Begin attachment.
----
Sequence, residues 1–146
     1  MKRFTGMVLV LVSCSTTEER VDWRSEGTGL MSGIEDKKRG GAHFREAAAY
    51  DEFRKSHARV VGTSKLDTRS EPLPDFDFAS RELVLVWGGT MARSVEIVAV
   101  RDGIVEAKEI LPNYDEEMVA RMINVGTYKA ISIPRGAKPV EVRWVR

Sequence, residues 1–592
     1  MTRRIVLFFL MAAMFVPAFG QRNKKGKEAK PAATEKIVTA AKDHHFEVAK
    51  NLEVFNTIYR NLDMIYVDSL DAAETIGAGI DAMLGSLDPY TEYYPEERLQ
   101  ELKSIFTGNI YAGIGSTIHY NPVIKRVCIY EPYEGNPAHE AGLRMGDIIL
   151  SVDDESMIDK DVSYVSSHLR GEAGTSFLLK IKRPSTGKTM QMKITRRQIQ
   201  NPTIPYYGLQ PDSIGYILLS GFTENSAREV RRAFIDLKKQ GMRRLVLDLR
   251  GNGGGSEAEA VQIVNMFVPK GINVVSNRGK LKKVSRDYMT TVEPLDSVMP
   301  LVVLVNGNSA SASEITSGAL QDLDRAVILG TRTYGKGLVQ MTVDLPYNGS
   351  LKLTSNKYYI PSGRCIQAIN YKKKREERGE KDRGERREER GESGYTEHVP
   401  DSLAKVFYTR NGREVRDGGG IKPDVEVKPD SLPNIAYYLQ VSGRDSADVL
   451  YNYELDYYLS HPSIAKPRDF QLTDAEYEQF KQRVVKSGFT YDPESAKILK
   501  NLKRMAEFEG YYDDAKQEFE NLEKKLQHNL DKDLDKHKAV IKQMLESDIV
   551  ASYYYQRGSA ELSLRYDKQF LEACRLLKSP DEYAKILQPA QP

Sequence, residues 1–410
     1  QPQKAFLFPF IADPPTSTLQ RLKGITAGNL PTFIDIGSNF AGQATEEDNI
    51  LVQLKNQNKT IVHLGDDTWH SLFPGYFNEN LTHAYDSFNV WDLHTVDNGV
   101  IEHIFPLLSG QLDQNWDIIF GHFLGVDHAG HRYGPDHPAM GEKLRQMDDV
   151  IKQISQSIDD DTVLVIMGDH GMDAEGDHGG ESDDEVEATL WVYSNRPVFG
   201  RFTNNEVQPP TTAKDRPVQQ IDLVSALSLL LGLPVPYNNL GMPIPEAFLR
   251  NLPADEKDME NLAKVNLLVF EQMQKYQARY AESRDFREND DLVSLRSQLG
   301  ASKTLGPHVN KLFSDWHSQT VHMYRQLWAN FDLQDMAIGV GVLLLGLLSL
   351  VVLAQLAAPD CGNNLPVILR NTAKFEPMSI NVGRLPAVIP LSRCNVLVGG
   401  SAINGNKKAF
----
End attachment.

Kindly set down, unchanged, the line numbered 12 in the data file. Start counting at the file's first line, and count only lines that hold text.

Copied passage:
   301  LVVLVNGNSA SASEITSGAL QDLDRAVILG TRTYGKGLVQ MTVDLPYNGS